If you do have a 50-state car, I suspect using the wrong converter won't turn the CEL off, since the converter performance will be less than the computer on your car is expecting. You certainly don't have to use a Honda OEM converter though.

*It's not "49-state" anymore because several other states follow the California standards now.

Last edited by GreasyJack; 10-22-2012 at 11:59 PM.
#9
Old 10-23-2012, 12:36 AM
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Unless and until the converter gets restricted, it won't affect how the car runs. If it does get restricted, the symptom isn't rough running, it's loss of power as excavating mentioned. Whatever is causing the rough running may be damaging the converter, but the converter, damaged or not, is not causing the rough running.

First, find and fix the rough running problem. Then have the car tested properly to identify the cause of the P0420 code. If it needs a converter, get one appropriate for the car (i.e., don't get a California type if the car isn't designed for California emissions), and if you don't want the code to reappear prematurely get a genuine Honda converter (field experience shows that many aftermarket converters do not work well enough for very long -- sometimes less than a month).

If the car has the 2.3 engine the spark plug interval is 30K miles; if it has the 3.0 it's 105K miles. Either way it sounds like it's way past due for plugs. I'd replace them before even looking at anything else.
#10
Old 10-23-2012, 01:41 PM
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Quote:
Originally Posted by Gary T View Post
Unless and until the converter gets restricted, it won't affect how the car runs. If it does get restricted, the symptom isn't rough running, it's loss of power as excavating mentioned. Whatever is causing the rough running may be damaging the converter, but the converter, damaged or not, is not causing the rough running.

First, find and fix the rough running problem. Then have the car tested properly to identify the cause of the P0420 code. If it needs a converter, get one appropriate for the car (i.e., don't get a California type if the car isn't designed for California emissions), and if you don't want the code to reappear prematurely get a genuine Honda converter (field experience shows that many aftermarket converters do not work well enough for very long -- sometimes less than a month).

If the car has the 2.3 engine the spark plug interval is 30K miles; if it has the 3.0 it's 105K miles. Either way it sounds like it's way past due for plugs. I'd replace them before even looking at anything else.
As far as I can tell there is no loss of power, which I thought was a little odd if the exhaust system was being restricted. My mileage has remained the same, too.

I just went back to AutoZone at lunch and picked up some new spark plugs, so I'll pop them in tonight. I pulled the #13 fuse on the passenger-side fuse box for about 10 seconds to reset the CEL so I can see if there's a reoccurrence. I also popped the hood open and checked the PCV valve to see if it was bad or not. The valve looked dirty and wouldn't rattle when shaken, so I went ahead and popped a new one in while I was at the parts store. Could be wishful thinking, but I think the car seems to be running smoother. I'm anxious to see how the spark plugs look when I pop them out...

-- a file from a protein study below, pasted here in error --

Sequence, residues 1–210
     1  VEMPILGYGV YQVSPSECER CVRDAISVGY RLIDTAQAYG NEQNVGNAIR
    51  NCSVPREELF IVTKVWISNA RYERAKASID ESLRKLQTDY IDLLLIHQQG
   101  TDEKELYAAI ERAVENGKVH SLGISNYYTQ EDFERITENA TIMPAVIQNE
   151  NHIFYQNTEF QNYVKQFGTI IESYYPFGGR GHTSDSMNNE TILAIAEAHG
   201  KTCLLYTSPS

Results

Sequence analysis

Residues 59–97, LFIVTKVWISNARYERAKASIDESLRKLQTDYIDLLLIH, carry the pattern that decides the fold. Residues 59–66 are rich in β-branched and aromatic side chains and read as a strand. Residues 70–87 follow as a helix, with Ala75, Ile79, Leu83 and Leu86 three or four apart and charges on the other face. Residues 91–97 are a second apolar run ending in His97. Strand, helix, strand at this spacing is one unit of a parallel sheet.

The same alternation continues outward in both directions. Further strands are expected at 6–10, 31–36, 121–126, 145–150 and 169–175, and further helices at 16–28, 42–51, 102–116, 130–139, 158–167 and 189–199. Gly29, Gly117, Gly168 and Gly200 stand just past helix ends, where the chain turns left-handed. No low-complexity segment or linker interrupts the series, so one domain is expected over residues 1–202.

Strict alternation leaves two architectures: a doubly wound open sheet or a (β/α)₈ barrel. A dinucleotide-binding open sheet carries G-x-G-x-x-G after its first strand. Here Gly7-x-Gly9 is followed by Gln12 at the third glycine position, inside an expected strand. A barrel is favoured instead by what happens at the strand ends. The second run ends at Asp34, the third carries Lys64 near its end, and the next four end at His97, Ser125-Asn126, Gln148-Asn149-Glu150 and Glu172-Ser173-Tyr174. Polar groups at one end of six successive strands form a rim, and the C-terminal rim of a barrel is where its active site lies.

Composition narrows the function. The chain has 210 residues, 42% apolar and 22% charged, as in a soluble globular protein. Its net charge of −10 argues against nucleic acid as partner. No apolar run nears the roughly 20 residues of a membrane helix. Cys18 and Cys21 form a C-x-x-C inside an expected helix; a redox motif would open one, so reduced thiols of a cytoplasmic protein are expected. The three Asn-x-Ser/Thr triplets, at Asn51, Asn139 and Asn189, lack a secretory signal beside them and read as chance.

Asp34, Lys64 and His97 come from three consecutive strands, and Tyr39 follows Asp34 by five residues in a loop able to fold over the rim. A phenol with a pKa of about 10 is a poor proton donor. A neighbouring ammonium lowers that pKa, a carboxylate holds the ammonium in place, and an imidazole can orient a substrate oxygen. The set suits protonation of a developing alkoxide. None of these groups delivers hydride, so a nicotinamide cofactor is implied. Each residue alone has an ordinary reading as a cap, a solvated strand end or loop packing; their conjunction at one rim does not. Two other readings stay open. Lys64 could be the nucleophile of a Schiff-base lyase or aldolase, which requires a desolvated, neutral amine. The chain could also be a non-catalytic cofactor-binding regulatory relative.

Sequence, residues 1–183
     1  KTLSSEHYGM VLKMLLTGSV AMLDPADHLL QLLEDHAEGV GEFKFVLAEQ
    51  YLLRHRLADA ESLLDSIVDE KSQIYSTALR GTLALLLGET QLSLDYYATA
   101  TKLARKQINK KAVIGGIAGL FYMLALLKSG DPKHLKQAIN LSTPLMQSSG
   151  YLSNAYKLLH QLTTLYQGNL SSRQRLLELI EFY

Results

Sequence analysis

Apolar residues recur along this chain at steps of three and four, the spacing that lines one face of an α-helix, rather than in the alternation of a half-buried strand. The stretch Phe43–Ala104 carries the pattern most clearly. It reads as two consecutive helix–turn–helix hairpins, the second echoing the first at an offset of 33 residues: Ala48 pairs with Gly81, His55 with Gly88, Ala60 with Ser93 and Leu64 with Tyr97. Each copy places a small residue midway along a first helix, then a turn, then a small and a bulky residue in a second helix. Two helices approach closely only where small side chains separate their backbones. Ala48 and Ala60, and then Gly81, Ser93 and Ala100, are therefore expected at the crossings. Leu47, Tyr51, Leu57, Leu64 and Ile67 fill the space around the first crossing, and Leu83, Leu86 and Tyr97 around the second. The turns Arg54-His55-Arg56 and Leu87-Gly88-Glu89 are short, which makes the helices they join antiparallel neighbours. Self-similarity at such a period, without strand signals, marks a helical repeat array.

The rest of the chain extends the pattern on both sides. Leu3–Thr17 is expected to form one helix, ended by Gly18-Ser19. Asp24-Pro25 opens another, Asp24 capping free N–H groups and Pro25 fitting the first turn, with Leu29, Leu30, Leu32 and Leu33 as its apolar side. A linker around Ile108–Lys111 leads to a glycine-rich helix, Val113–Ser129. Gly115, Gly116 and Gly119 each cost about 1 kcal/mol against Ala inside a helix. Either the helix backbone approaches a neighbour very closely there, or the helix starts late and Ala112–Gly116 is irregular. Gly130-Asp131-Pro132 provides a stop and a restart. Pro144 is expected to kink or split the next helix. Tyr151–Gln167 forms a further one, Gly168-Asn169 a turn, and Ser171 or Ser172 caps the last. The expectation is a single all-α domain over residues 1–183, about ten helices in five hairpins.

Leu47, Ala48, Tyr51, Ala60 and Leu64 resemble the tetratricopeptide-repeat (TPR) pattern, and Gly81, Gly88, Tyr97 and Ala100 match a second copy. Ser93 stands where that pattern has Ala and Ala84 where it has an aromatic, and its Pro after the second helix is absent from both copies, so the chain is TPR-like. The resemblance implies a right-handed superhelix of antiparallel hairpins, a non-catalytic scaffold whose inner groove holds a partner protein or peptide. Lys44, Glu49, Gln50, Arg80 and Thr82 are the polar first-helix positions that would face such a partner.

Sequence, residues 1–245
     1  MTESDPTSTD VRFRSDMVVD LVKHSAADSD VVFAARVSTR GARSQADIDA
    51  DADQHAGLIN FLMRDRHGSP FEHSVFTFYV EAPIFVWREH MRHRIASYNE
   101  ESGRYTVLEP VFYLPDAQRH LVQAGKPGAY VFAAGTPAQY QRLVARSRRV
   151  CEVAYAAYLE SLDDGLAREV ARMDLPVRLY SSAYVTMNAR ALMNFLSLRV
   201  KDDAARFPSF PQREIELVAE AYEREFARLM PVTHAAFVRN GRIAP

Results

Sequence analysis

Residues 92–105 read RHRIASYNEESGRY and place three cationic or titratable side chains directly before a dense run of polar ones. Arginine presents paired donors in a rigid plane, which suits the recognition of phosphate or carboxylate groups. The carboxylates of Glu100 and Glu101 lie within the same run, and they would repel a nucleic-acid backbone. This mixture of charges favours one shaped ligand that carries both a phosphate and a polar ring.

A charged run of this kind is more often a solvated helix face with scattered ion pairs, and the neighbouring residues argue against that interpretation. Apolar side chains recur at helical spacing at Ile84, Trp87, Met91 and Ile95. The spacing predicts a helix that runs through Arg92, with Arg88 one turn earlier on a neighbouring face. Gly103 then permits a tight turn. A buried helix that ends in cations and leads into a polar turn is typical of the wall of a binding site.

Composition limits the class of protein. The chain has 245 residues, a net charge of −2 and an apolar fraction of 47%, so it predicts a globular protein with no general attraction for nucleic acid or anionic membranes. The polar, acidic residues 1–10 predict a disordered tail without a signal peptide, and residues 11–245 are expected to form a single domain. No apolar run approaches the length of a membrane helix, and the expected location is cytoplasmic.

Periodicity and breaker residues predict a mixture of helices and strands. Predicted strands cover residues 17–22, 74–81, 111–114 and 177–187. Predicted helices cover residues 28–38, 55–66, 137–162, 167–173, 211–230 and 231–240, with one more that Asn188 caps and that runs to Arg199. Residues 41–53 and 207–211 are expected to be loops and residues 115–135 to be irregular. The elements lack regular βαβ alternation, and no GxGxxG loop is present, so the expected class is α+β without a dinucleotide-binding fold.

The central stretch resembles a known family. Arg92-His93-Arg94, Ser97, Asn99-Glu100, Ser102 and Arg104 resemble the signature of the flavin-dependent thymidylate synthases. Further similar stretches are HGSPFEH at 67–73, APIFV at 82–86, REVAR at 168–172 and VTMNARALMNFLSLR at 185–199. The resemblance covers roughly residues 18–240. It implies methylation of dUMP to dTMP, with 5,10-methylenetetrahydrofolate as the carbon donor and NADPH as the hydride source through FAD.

#11
Old 10-23-2012, 04:27 PM
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Quote:
Originally Posted by Guy Incognito View Post
As far as I can tell there is no loss of power, which I thought was a little odd if the exhaust system was being restricted. My mileage has remained the same, too.
The P0420 code, as Rick mentioned, has to do with the catalytic converter's efficency at catalyzing the combustion of remnant fuel in the exhaust. It typically does not relate to restriction or mileage issues.
#12
Old 10-23-2012, 09:13 PM
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Okay, the spark plugs have been changed and so far so good. The old plugs were fairly free of deposits, but the central electrodes on all of them were fairly worn down. What deposits there were had an off-white color and were lightly distributed.

The car is running a bit smoother now and the check engine light hasn't lit up yet, but I've only put on about 20 miles on it so far. I don't think that the problem has been fixed by these simple things, but I feel better having done these overdue maintenance tasks.
#13
Old 10-28-2012, 04:15 PM
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FWIW, I've driven 70+ miles so far with no CEL being displayed. It's probably a bit premature to say I have the problem fixed, so I guess I'll have to wait and see.
#14
Old 10-28-2012, 04:18 PM
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Quote:
Originally Posted by Guy Incognito View Post
Okay, the spark plugs have been changed and so far so good. The old plugs were fairly free of deposits, but the central electrodes on all of them were fairly worn down. What deposits there were had an off-white color and were lightly distributed.

yeah, if the gap grows too big ignition reliability will suffer.